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Thinking about hiring someone to design or redesign your practice website? You may be shocked by this, but there are some scoundrels out there. Here’s how to avoid them.
In 2008, I learned HTML and taught myself how to build my own website after being frustrated with my large group practice website’s inflexibility.
There’s no greater level of power and control over your message and presentation than if you create your own website. However, not all of us have the time or patience to learn the necessary skills, and getting outside help is the most cost-effective use of our resources.
Perhaps your site is worn out and stagnant, and just needs a facelift - you might be looking for a change.
Lots of people design websites, from individuals to large, full-service marketing firms. They go by names like:
• Web designer
• Web developer
• Online marketing agency
• Online branding agency
You may find a variety of these businesses locally or online who can deliver an online product you’ll use for years to come. With so many companies out there producing quality websites, there’s no excuse for accepting mediocrity.
Here are four warning signs you are about to hire the wrong person to get this very important job done:
1. They don’t discuss how much control you’ll have over the site from the beginning.
Be upfront with them about what you want.
Do you want them to control everything from writing content to automatic updates?
You can specify if you want them to set up the site initially and show you how to add to it and update it over time.
Find out if you own the site and its use even if you fire them in a year or two.
Make sure you’re comfortable with the degree of freedom you have once the initial design and setup process is over.
For example, today you may not be interested in doing any of the blog posts or updates but may change your mind once you hire an assistant to help you in six months. Will you have the flexibility to take over the reins of the site at that time?
Find out in advance.
2. There’s no discussion of what it costs to add to the website later.
This includes design tweaks and changes once the initial work is finished.
For instance, if you don’t like the first, second, or tenth redesign of the logo or image at the top of the website, is it free to keep changing this a hundred times until you’re happy?
Most Web design companies tell you explicitly what it costs to change some component of the original design. This could be an extra hourly rate cost to your practice. Make sure it doesn’t sneak up on you after you’ve hired the designer.
Find out exactly what’s included and exactly why you need that additional service. This could be search engine optimization (SEO) service or social media management. Can you add it on later? Do you really need it? Make sure you know what you’re paying for.
In a previous blog post I outlined several key numbers to know about the cost of having a website for your practice. Find out what these costs are as early as you can in the process.
3. Existing websites they’ve already developed seem very trendy, modern, and "artistic."
Unless you’re catering solely to 20-something Silicon Valley technology startup company employees in your practice, this should be a red flag.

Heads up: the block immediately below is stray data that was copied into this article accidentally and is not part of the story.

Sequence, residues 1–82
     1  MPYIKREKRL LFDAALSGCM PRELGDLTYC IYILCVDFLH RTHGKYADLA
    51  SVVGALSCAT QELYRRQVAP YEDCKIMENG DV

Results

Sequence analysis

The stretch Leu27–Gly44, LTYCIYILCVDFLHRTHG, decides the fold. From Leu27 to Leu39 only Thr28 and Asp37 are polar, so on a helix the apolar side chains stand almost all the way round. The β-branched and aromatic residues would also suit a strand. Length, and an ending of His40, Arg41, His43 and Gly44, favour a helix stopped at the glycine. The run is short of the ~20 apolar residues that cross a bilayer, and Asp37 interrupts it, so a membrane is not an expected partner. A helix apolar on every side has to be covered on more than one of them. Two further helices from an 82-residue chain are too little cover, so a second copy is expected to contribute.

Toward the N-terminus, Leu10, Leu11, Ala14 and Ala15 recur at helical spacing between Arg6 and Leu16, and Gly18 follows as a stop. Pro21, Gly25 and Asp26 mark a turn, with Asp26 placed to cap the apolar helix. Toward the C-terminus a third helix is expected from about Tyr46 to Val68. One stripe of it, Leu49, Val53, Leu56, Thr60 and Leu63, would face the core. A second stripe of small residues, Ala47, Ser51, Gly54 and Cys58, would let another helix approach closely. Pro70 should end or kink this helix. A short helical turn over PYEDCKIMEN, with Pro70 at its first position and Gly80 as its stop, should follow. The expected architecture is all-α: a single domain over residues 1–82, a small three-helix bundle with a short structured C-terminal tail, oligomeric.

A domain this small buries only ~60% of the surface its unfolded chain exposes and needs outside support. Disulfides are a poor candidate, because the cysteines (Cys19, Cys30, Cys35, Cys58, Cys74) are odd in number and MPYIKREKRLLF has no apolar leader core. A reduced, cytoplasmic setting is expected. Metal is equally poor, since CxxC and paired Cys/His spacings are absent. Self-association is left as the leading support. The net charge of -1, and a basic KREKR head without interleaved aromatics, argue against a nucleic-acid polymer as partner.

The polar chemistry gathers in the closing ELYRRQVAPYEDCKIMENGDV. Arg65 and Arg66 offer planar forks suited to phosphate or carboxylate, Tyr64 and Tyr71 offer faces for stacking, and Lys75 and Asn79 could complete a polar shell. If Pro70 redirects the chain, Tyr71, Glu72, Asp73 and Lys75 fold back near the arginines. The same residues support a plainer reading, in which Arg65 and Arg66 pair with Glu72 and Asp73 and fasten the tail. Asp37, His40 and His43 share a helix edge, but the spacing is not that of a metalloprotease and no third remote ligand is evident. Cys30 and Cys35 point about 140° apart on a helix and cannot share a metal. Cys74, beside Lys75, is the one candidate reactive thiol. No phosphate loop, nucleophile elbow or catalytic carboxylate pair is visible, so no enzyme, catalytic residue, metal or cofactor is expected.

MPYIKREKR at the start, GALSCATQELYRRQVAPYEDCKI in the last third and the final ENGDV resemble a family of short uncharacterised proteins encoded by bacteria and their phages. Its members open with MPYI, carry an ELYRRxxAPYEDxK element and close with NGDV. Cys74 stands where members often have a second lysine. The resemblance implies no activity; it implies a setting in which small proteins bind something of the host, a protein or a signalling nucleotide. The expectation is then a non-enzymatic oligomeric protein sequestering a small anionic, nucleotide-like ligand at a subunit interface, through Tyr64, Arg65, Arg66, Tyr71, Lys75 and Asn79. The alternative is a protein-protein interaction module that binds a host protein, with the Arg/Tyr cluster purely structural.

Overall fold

Most patients who see physicians today couldn’t care less about how trendy or updated the design of the website is. Never forget what patients are thinking about when they’re trying to find you online: Who and where is this doctor, and can they solve my problem?
If the website answers those questions quickly and accurately, you’ve won.
Most Web design companies have online portfolios of sites they’ve already built for other clients. Take a close look at those and look for comparable clients like other doctors, counselors, attorneys, and other professionals.
Are the sites simple, with clear language and easy-to-read text? Is it easy to navigate the website? Easy to find the phone number and address?
Some Web design firms are proud of the fact that they customize every design; that using a template to put a site together is somehow evil.
This is nonsense. A good template that is a clear and simple design will get the job done and re-inventing the wheel just costs you extra money. A custom-designed site will cost anywhere from $3,000 to $10,000. This is rarely worth it for a basic physician practice website.
4. They offer add-on services very early in the discussion.
Extra services like social media management and blog post writing cost a lot but may not be worth it to you, especially in the beginning. Just start with the basics and add extras if you’re convinced later of their benefits and return on investment.
This is where an online marketing plan is important.
What do you hope to accomplish with the site?
A conscientious design firm will ask this on the front end.
In conclusion, paying someone to build a website for you can be a long-term and lucrative investment that pays off financially very quickly.
It’s similar to getting estimates for any other non-urgent service you need at your office. Many companies are available. If you don’t like the sound of one proposal, go to the next one.
If you’ve been burned by a Web design firm in the past, what happened? Leave your story in the comments below!